In a scene right out of ‘The Good Place’, researchers have asked millions of people across the world what they think a driverless car should do in the face of an unavoidable accident.
Each scenario required making choices between various combinations of saving passengers or pedestrians and the researchers identified a number of shared moral preferences. These included sparing the most number of lives, prioritising young people and valuing humans over other animals.
The SMC asked New Zealand experts to comment on the study.
Associate Professor Alex Sims, Department of Commercial Law, University of Auckland, comments:
“As the article argues, the question is not if driverless cars will start being driven on our roads, but when. Autonomous cars raise the issue of the trolley problem, which was once just a thought experiment in ethics. You see a run trolley (in New Zealand we would describe it as a train carriage), moving towards five people lying on train tracks. Next to you is a lever that controls a switch. If you pull the lever, the trolley will be diverted onto another set of tracks, saving the five people. But, there is one person lying on the other set of tracks and pulling the lever will kill that person. Which one is ethically correct?
“Autonomous cars raise the stakes. If a crash is inevitable – for example, an autonomous car’s brakes fail, and the car has to choose between running over and killing three elderly people or swerving into a brick wall and killing the car’s occupants – what should the car do? The authors quite rightly state that we, as a society, cannot leave the ethical principles to either engineers or ethicists.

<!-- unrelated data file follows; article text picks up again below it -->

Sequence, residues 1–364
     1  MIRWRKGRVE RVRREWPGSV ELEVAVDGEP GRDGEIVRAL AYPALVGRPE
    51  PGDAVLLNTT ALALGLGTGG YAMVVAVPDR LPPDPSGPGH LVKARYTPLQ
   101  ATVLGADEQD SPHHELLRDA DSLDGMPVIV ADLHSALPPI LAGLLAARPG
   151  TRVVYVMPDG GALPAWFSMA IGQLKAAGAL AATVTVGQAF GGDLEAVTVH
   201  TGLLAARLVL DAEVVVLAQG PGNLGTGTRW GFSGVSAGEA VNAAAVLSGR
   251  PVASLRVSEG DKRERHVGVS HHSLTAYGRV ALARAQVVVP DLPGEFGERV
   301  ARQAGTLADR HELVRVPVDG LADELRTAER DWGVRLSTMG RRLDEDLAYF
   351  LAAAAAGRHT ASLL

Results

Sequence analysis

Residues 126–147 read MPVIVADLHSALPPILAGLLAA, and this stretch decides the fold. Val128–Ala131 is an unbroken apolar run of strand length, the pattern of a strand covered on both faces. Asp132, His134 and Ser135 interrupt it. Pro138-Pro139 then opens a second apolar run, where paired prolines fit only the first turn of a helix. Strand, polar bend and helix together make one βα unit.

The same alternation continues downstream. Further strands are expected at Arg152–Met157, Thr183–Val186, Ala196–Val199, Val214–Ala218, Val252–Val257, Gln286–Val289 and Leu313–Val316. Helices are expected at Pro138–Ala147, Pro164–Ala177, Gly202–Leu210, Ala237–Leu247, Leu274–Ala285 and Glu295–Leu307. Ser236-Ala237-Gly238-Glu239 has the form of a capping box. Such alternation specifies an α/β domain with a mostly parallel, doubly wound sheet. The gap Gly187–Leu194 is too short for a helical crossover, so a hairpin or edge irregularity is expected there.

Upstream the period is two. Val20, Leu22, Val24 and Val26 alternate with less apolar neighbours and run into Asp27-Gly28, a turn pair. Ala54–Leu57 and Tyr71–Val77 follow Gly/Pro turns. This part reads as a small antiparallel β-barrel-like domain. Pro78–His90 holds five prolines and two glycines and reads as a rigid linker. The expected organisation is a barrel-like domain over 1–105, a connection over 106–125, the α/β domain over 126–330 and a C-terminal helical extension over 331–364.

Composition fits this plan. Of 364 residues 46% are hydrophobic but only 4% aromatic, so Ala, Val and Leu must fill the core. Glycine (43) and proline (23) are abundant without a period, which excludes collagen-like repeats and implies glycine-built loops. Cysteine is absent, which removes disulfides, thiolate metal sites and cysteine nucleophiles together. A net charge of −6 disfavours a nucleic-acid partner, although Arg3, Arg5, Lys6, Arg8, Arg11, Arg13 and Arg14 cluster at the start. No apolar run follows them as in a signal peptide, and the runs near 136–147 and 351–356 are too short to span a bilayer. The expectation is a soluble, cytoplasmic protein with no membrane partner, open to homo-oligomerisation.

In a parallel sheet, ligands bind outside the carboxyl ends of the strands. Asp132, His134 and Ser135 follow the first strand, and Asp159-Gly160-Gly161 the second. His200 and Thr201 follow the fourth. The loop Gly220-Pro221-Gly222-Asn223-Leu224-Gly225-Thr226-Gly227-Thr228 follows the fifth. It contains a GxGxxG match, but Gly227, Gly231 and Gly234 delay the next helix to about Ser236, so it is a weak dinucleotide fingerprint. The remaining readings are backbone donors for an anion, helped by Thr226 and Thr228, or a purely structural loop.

“We need rules. It would be unconscionable for people to drive cars that were programmed to ensure that the occupant’s safety was put ahead of everyone else’s. For example, a car cannot be programmed to run three people over to avoid the car’s sole occupant crashing into a parked car.”
No conflict of interest declared. Dr Sims’ full comments are available as a blog post on sciblogs.co.nz.
Professor Hossein Sarrafzadeh, Adjunct Professor, High Tech Research, Unitec, comments:
“While technical aspects of driverless cars have seen great advancement, the social aspects have not been studied well. Social scientists will certainly focus on ethics of technology including driverless cars as we get closer to wider use of this technology in the next few years. Cultural aspects of driverless cars and other artificially intelligent systems like emotion recognition systems have not been studied sufficiently either and there is a great need for research in these areas globally and in New Zealand.
“One aspect of driverless cars that is not taken into account in various studies of the social dimensions of this technology is the fact that future roads may not be the same roads we are using today. Even if we use similar roads they will be heavily sensored, intelligent roads. They will certainly be much safer, although these ethical dilemmas will remain if the same roads are used. Future roads, I believe, will be different to what we have now. There may be no humans walking across the roads that autonomous vehicles travel in.”